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Try this: invite a diverse group of friends and neighbors to go see the new film Hidden Figures, and discuss it. We did, and it provided an incredible experience.
Both race and gender play predominant roles in this heartwarming, crowd-pleasing film, which teaches us something about the nobility of actualizing one’s aspirations—and being willing to be the first to do so, even when powerful deterring factors are present. Hidden Figures, as its title suggests, divulges a previously unknown story behind an historically important event—the essential but overlooked contributions of African-American women to the American space program.
We assembled an interracial and intergenerational group of ten male and female friends who met at the theatre to see the film. All of us experienced a great collective response from the audience as we watched—applause at several points, including the end, whispered questions from younger people (“was it really like that?”), laughter, and stunned silence. Whether viewers remember the previously known historical incidents the film recounts or not, the discovery of heretofore unknown facts illuminated our discourse in ways that engaged and uplifted all of us, evoking our pride in human potential and cultural evolution.
Hidden Figures reminded us of the repeated admonitions in the Baha’i teachings about the importance of achieving equality related to race and to gender:
The Baha’i principles say that society must create equality for women and men and that racial equality is the most challenging issue in America. Baha’is strive to implement the principles of gender equity and the oneness of humanity all over the world.
In that vein, the film shows the need for working for equality, reveals a clear case of extraordinary progress made because of racial mixing and integration, and reflects the fact that “excellence does not depend upon color” and “the standard of divine measure . . . is his [man’s] intelligence and spirit.” – Ibid., p. 70. It also affirms a strong case for the power and intelligence of women, mirroring the Baha’i principle of equality:
. . . woman must receive the same education as man and all inequality be adjusted. Thus, imbued with the same virtues as man, rising through all the degrees of human attainment, women will become the peers of men, and until this equality is established, true progress and attainment for the human race will not be facilitated. – Ibid., p. 375.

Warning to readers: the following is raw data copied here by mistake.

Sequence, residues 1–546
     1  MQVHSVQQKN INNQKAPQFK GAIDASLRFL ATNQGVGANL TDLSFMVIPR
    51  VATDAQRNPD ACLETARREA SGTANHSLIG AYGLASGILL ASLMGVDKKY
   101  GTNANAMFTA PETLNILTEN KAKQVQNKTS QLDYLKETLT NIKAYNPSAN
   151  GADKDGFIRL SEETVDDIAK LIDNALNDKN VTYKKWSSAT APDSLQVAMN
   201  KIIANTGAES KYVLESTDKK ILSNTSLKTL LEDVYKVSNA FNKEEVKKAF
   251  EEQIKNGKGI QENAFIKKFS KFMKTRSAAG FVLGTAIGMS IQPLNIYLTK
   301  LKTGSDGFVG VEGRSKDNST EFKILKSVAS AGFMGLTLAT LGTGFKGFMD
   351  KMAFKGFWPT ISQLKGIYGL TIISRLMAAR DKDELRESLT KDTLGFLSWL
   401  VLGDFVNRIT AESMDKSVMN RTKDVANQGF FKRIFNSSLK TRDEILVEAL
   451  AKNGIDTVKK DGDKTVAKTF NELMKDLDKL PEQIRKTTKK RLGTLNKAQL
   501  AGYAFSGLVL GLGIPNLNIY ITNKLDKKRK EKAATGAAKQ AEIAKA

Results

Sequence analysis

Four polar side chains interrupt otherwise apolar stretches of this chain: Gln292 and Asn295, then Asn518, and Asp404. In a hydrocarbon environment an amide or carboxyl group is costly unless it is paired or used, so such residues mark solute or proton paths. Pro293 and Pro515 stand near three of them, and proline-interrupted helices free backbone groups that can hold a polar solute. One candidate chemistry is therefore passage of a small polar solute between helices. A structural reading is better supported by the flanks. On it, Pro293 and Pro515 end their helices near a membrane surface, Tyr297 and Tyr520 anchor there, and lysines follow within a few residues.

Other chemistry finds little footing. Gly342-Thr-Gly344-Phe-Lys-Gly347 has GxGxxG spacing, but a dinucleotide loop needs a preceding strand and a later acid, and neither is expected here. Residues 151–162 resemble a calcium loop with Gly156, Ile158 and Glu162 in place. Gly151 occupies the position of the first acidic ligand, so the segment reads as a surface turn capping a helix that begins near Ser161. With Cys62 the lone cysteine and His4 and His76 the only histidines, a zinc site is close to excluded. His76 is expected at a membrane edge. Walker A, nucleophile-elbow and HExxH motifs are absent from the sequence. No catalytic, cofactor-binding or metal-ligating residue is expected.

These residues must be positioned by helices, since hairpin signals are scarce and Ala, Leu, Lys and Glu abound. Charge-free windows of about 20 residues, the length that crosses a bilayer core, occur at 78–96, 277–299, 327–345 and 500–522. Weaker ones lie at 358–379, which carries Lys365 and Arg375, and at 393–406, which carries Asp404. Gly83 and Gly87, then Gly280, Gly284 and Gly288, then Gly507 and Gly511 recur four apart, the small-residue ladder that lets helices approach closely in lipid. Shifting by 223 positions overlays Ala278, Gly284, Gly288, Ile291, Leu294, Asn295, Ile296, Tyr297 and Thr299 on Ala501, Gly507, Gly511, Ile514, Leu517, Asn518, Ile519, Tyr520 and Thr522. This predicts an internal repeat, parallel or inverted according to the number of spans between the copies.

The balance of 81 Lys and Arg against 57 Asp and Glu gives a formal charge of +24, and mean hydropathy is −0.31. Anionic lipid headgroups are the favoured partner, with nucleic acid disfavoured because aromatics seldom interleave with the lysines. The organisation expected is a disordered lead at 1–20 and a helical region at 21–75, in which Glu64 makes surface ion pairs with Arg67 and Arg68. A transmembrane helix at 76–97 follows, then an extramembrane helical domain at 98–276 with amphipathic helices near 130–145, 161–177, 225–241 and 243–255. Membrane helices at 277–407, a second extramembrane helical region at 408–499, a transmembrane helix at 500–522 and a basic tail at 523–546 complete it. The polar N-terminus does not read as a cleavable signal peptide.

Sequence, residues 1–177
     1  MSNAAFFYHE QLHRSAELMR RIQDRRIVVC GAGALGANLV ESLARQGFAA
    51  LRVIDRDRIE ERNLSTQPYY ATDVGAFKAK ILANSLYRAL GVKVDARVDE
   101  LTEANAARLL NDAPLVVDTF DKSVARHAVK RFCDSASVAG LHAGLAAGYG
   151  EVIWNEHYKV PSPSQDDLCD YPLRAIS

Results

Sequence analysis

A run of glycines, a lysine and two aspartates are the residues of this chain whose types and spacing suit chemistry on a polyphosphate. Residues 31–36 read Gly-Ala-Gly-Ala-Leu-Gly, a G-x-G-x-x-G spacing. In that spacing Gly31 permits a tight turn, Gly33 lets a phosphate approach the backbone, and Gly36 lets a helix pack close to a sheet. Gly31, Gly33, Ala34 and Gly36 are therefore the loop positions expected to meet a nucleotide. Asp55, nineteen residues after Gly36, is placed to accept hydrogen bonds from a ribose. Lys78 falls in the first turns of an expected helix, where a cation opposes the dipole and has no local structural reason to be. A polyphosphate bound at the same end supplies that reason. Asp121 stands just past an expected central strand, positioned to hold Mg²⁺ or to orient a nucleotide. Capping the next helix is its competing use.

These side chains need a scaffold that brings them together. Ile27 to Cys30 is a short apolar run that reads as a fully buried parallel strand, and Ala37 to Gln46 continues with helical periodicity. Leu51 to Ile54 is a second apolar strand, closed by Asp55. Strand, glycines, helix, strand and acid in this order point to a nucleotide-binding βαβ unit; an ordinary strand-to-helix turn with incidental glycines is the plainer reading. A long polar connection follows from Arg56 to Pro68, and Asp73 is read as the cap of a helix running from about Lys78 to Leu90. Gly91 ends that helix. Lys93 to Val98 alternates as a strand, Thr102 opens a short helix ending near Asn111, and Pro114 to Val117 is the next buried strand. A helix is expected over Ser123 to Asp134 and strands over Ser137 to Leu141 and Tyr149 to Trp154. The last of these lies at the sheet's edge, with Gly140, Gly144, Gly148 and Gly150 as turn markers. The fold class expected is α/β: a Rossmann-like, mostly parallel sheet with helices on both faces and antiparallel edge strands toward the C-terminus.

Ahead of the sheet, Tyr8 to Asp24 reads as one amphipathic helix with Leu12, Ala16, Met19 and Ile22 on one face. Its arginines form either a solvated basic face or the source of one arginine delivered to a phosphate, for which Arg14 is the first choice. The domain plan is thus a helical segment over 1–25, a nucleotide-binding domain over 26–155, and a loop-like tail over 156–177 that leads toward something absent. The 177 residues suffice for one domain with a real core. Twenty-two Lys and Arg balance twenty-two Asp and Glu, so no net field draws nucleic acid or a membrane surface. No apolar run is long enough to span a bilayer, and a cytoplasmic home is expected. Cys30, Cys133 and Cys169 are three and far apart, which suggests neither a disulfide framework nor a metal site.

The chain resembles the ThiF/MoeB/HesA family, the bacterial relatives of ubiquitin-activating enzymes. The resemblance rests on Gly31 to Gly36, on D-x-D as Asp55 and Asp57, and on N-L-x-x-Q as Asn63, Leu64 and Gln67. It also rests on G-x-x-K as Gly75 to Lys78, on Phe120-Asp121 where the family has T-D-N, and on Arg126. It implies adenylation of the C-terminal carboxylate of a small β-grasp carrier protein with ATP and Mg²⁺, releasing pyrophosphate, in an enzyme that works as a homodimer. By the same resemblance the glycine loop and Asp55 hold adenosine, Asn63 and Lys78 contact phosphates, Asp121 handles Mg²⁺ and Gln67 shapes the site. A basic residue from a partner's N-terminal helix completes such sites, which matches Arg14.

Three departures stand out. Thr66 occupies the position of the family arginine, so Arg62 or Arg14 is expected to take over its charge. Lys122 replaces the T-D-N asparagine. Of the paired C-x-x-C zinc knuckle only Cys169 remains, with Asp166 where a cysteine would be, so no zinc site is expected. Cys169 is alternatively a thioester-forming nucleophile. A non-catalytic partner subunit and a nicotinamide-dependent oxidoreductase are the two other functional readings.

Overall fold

This inspiring film, directed by Theodore Melfi and written by Melfi and Allison Schroeder, based on the non-fiction book by Margaret Lee Shetterly, presents the story of three brilliant African-American women—Katherine Goble Johnson (Taraji P. Henson), Dorothy Vaughan (Octavia Spencer) and Mary Jackson (Janelle Monáe), who worked in professional positions at NASA behind one of the greatest endeavors in history: the 1962 launch of astronaut John Glenn into orbit, a dramatic achievement that profoundly affected the space race and the world.
In Hidden Figures, we learn that “computers” were originally people who computed—in this case, female mathematicians who worked in the segregated division of the Langley Research Center in Hampton, Virginia. We also learn something about the original IBM computer and the need for pioneers willing to learn its language to be able to program it. Both contribute to the calculations needed to support an astronaut making an orbit around the Earth.
Beyond a revisionist history lesson that reveals some astonishing feats in an era of blatant (and often unconscious) racism and sexism, the film offers great storytelling—history made palpable through the portrayal of three lives interwoven with monumental events—as well as stellar acting on the part of both black and white actors.
After the film, our group of ten engaged in some enlightening discourse, exploring our reactions and relating them to the world of equality and fairness we would all like to see in the future. I have since enjoyed further conversations about the film with students and colleagues, who all agree that it is well worth seeing.
Along with providing a great film experience, Hidden Figures also helps us wonder what else we might be missing about the past—or the present—in terms of appreciating human capacity and endeavor.